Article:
Over the last two weeks my desktop has seemingly all of a sudden become noticeably less stable: frequent BSODs (all with different error messages but all of which were related to memory), difficulties performing basic application installs/uninstalls, random application misbehavior, and occasional "forgetting" to load drivers at boot-up (for instance, on one boot, windows wouldn't load the graphics drivers and the resolution would be terrible; reboot, everything's fine again. wash, rinse, repeat).

The only common thread I could think of was RAM, so I booted into memtest86+. Within minutes it had found thousands of errors; over the course of the night, it found 125,000+ errors in 4 passes.

So I started swapping them out and rotating the DIMMs. I have four sticks of memory for four slots, each 2 GB. Starting with the stick in the first slot, I tested it by itself in slots 1, 2, 3, and 4, going for at least two passes in memtest before moving it to the next slot. No errors reported anywhere.

Next, I tried the stick that had originally been in slot 2 and put it back in slot 2 by itself. No errors. Same with stick 3 into slot 3 by itself. No errors. Same with stick 4. No errors.

Then I tried sticks 3 & 4 in the last two slots. Nothing. Sticks 2, 3, & 4 in the last three slots. No errors. I am now running all four again - the exact configuration that produced the cascading memory errors the first time - and so far it's been running for almost 30 minutes (well into the thousands of errors from the previous scan), and it hasn't reported a single error.

Is my computer just possessed?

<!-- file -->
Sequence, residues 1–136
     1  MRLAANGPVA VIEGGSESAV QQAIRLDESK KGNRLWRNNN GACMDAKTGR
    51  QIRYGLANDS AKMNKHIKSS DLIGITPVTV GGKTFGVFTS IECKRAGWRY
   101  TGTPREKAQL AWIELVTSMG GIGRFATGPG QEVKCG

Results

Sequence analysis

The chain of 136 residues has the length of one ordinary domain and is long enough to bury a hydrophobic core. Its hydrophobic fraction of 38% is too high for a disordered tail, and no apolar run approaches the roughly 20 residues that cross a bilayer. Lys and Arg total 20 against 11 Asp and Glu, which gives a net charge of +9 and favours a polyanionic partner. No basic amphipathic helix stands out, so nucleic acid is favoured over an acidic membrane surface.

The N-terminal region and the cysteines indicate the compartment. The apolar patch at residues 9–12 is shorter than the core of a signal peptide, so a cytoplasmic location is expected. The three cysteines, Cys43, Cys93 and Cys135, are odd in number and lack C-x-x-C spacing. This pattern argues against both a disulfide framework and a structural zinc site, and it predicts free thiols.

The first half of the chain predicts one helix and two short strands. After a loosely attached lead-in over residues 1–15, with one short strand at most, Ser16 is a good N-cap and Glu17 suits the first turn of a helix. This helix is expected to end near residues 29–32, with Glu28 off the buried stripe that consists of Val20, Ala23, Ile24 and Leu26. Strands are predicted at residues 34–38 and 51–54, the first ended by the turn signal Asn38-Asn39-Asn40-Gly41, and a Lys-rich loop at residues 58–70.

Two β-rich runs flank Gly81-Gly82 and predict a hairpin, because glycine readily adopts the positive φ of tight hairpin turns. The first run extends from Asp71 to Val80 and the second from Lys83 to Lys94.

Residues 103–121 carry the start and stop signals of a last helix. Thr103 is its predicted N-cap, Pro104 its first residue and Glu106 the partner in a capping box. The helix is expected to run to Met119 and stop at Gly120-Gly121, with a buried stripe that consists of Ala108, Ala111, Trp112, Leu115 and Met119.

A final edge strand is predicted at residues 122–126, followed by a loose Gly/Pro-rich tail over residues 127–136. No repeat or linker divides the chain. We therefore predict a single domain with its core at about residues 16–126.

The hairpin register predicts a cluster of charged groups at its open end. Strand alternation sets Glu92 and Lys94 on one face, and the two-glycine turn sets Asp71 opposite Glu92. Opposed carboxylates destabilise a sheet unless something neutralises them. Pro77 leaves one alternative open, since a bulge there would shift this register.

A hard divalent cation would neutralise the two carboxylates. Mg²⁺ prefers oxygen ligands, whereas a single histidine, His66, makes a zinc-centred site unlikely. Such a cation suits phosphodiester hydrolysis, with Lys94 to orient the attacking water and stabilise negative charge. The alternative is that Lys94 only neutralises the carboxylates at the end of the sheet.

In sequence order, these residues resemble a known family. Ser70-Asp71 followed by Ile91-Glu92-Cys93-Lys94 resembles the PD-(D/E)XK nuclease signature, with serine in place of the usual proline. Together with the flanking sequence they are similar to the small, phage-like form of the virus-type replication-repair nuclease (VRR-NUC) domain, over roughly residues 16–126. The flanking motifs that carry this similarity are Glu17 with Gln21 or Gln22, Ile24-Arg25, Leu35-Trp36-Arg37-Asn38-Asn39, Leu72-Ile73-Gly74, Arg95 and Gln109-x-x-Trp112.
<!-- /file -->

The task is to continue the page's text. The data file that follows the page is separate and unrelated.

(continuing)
(setup: Intel Core 2 Quad Q9300 ; 8 GB Corsair Dominator ; eVGA 750i SLI motherboard ; 1x nVidia GeForce 8600 ; 680W PSU)

3 Answers 3


It is possible that the memory seating had problems for a while.
You activity with the memory modules get it working again.
I have seen this happen (in exactly the way you describe).

Additionally, there was also a case when the PC would just not boot and declared memory failures. Removing the replacing the memories made it work fine (and completely pass the memtest).

I wonder these days if part of the PC cleanup activity should also include cleaning the card (memory and other PCI) contacts... suggestions on this are welcome.

  • I recall I had been fiddling with a memory fan that clips onto the northbridge, situating itself just on top of the chips. It's possible in messing around with it that I knocked one of the DIMMs slightly out of place. Thanks!
    – Magsol
    Dec 14, 2009 at 3:47

This sort of behavior can also be caused by a bad power supply or CPU (or even an overheating one that's not actually bad). It could also be a bad motherboard.

If the problems go away after reseating the RAM, than that's well and good.

I was not so lucky, in my case it turned out to be an unstable power supply.


Reseating memory is sometimes known to fix errors (sometimes, depending on the cause of the errors). To learn more, you can research "reseat RAM oxidize", and that may help to make the cause seem a bit more scientific rather than mysteriously random.

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